Court refuses to remand Pavel Shekhtman in custody

posted 13 Oct 2014, 07:39 by Rights in Russia   [ updated 13 Oct 2014, 07:40 ]
9 October 2014

Source: (info)
Judge Elena Abramova of the Kuntsevo district court in Moscow has refused to remand civil society activist and publicist Pavel Shekhtman in custody. Shekhtman was arrested on accusation of 'extremism', reports.

A request by Anton Krivov, investigative officer from the Russian Investigative Committee, to hold the activist in pre-trial detention until the end of November was denied.

Nevertheless, Shekhtman stayed in temporary incarceration in his isolation cell until Thursday 13:00, when Krivov had received his signature and promise that he will not leave the country. It remains unclear why the investigator could not immediately take Shekhtman’s signature after the hearing.

The hearing was closed, but, according to blogger Anastasia Zotova, who was present in court, judge Abramova in breach of Article 241 of the Criminal Code, did not make public her ruling, leaving the exact motivation of her decision unclear.

Earlier, Abramova was a Justice of the Peace for Moscow’s Tverskaya district. In that position she issued a number of verdicts in administrative cases against members of the opposition. Svetlana Ukhnaleva, a former judge of Tverskaya district court and now deputy chair of Kuntsevo district court, is on the Magnitsky List.

The reasons given by Abramova for denying Krivov’s request were that Shekhtman actually lives at his place of registration, and in addition, the investigation had not provided evidence that the activist is a threat to the witnesses in the case. Two of Shektman’s tenants had been questioned as witnesses.

According to Ekaterina Goryaynova, a legal representative with the Ulpian chamber of lawyers, who is representing the activist, Shekhtman has been charged under Part "a" of Section 2 of Article 282 of the Criminal Code (incitement to hatred and enmity with the threat of violence), which is punishable by up to five years in prison.

The reason for the arrest was a comment which Shekhtman published in mid-August on his personal Facebook page. In reposting a publication by the Ukrainian blogger Roman Davidenko, describing the killings of pro-Russian Ukrainian military terrorists, Shekhtman had written a sharp commentary.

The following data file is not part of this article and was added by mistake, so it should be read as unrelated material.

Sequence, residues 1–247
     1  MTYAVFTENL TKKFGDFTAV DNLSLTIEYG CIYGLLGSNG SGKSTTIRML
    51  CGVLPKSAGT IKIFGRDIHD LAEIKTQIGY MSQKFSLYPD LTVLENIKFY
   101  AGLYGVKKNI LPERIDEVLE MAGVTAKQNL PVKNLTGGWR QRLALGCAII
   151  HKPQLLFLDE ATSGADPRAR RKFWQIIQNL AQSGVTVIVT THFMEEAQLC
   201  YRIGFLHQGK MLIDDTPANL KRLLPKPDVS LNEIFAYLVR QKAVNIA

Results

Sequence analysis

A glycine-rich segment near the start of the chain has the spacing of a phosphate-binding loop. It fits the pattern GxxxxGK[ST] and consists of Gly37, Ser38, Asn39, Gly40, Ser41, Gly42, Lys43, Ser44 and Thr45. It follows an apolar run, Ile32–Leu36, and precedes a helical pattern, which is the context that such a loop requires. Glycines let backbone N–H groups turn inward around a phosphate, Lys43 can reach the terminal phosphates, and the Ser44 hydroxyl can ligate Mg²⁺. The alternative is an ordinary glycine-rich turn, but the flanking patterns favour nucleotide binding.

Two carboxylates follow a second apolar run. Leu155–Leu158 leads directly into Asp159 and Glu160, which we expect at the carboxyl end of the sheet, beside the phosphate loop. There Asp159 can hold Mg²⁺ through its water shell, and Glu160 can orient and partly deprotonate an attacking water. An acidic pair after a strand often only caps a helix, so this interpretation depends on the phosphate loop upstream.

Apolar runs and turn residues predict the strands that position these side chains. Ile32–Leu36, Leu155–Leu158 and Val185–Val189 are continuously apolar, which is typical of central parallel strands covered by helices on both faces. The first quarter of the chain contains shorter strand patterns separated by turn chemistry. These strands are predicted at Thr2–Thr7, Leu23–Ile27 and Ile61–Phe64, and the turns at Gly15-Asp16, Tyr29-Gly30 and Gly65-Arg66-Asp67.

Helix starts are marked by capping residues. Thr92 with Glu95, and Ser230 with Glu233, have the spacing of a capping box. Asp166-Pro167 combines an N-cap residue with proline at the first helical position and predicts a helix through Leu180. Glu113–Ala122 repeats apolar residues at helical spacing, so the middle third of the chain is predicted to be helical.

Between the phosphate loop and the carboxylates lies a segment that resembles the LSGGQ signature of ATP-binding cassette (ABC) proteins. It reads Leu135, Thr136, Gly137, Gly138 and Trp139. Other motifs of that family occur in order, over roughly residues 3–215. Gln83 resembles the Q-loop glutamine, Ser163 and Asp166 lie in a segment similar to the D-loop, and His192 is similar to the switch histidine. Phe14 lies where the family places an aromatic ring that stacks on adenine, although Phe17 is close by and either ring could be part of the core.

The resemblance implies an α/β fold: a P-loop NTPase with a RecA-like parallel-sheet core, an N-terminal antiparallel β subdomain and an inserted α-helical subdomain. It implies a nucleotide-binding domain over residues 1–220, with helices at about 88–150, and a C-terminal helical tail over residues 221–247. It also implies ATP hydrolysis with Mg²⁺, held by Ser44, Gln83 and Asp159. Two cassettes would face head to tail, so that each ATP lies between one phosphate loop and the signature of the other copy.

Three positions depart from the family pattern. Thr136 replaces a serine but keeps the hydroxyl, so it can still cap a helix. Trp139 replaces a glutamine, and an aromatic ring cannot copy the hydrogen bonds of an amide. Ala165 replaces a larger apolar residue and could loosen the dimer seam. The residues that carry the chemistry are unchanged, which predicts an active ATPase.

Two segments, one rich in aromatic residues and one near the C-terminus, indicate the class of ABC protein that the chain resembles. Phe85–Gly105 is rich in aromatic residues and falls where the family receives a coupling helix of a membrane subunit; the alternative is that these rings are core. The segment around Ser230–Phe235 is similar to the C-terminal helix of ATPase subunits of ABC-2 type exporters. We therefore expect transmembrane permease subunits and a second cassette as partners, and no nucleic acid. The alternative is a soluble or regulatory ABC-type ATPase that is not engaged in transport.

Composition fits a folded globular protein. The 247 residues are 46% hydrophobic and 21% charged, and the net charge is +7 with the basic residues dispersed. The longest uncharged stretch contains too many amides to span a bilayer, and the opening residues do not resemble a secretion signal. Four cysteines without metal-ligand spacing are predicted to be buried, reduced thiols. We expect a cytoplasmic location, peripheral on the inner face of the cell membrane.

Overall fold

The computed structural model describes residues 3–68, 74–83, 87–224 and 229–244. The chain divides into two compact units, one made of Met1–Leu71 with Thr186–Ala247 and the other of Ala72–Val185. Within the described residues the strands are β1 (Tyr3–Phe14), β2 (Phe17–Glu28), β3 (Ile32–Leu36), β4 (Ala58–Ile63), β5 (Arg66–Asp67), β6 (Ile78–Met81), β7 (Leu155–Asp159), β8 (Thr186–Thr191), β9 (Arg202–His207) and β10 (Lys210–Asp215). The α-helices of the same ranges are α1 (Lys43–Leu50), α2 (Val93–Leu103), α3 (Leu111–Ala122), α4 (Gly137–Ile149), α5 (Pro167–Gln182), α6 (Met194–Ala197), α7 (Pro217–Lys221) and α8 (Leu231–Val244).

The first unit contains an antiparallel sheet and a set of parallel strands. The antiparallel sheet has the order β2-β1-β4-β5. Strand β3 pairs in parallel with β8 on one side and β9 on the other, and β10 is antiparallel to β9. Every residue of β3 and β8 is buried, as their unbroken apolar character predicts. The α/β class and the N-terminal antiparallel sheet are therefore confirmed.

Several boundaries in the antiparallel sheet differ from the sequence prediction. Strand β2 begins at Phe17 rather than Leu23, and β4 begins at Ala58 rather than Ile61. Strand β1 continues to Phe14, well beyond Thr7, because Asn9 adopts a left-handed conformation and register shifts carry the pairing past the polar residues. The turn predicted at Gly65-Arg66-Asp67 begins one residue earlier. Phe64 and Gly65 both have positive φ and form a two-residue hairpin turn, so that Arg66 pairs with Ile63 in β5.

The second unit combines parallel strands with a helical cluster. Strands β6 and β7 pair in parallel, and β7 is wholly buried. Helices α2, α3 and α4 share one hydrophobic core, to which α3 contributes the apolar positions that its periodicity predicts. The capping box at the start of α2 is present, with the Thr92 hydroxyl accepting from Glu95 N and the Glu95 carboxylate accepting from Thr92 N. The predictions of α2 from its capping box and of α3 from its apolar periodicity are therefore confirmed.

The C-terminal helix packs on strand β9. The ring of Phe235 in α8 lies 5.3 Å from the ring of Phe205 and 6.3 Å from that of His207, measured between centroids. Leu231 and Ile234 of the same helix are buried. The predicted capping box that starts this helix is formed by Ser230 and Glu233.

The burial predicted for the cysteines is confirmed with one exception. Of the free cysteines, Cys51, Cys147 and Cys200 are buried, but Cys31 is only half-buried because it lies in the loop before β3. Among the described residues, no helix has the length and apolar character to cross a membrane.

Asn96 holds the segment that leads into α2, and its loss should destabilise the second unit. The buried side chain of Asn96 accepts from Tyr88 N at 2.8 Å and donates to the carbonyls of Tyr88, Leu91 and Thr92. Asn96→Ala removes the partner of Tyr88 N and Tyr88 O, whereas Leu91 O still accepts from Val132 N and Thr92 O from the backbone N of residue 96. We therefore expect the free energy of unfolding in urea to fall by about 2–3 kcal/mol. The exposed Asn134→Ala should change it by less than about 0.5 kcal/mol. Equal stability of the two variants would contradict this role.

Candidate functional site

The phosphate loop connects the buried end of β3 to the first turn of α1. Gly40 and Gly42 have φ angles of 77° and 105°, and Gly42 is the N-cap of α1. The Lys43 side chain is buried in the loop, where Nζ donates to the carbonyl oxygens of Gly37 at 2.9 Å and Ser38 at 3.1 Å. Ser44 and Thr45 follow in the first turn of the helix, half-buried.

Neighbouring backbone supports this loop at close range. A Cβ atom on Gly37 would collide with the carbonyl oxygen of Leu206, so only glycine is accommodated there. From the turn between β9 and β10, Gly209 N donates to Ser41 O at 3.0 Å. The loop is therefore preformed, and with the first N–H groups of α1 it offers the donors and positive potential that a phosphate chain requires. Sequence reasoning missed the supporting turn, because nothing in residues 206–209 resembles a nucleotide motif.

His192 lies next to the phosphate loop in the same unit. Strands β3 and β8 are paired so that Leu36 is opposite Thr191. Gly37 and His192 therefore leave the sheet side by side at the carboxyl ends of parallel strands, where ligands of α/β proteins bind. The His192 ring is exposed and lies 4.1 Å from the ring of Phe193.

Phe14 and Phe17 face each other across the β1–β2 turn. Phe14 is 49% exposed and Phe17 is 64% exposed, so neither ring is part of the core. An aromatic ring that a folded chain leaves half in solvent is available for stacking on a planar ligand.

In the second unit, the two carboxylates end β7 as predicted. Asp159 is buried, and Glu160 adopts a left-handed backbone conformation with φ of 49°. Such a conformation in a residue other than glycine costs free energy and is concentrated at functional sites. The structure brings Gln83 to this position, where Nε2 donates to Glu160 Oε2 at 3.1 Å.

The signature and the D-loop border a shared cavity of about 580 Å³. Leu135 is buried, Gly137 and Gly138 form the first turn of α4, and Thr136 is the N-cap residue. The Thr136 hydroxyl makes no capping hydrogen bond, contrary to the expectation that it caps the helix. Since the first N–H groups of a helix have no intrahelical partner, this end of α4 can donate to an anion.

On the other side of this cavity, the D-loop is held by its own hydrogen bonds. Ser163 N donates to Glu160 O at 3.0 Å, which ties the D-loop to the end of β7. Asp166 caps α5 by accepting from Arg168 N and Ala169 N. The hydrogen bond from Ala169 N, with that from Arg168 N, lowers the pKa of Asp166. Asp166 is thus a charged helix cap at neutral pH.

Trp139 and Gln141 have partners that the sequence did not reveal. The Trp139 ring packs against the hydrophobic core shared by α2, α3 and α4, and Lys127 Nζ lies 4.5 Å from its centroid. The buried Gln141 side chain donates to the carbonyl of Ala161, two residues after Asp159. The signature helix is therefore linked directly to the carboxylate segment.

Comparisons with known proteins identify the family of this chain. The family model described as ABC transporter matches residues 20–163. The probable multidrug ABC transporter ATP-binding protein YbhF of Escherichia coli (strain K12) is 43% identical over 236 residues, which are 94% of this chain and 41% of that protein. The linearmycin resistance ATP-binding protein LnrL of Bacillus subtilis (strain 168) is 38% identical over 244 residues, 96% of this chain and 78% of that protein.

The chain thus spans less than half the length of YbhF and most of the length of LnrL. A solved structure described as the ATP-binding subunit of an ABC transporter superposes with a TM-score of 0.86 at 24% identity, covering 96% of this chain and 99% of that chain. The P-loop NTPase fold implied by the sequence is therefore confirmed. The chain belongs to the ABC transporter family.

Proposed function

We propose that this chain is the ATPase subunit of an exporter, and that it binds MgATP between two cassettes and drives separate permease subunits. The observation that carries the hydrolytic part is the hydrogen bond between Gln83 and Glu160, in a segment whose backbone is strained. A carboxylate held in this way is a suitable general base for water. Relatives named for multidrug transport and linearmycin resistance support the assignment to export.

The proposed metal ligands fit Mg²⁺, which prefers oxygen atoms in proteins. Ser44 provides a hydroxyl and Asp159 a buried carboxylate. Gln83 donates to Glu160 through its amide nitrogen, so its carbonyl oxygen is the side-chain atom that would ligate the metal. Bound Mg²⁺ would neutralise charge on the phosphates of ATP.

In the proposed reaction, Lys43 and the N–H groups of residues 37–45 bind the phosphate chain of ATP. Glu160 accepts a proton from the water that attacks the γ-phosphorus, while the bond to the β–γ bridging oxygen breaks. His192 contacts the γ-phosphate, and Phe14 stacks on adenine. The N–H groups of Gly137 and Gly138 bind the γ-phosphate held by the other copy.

Later, this post has been removed from Shekhtman’s page. However, friends of the activist argue that he would not have erased the post himself.

On August 18, Moscow police department and Moscow prosecutor's office received complaints against Shekhtman in connection with the publication of his remarks. The fact that Shekhtman had been detained became known on Wednesday morning. The activist was taken to a temporary detention cell at the police department of the capital’s western district.

Shekhtman is a well-known civil society activist and publicist. His articles have, among other places, been published on the news website Shekhtman is 47 years old, he was born in Moscow. He studied at the Moscow Historical Archives Institute. In August 1991, he participated in the defense of the White House. He has worked as a teacher in an experimental school and for an Internet media outlet. He has written a number of articles about history on Wikipedia.

Shekhtman has been involved in the movement to conserve the architectural heritage of Moscow, and in environmental campaigns, working with civil society groups such as Arkhnadzor and the Coalition for the Protection of Moscow. In particular, in June 2010, Shechtman helped Arhnadzor defend the ancient building complex in Moscow’s Kadashan quarter. In 2011, Shekhtman collaborated actively with the Movement to Defend Khimki Forest. Shekhtman has been repeatedly attacked by criminals hired by those who wanted to continue to build on the territory of Khimki forest.

Translated by Eva Cukier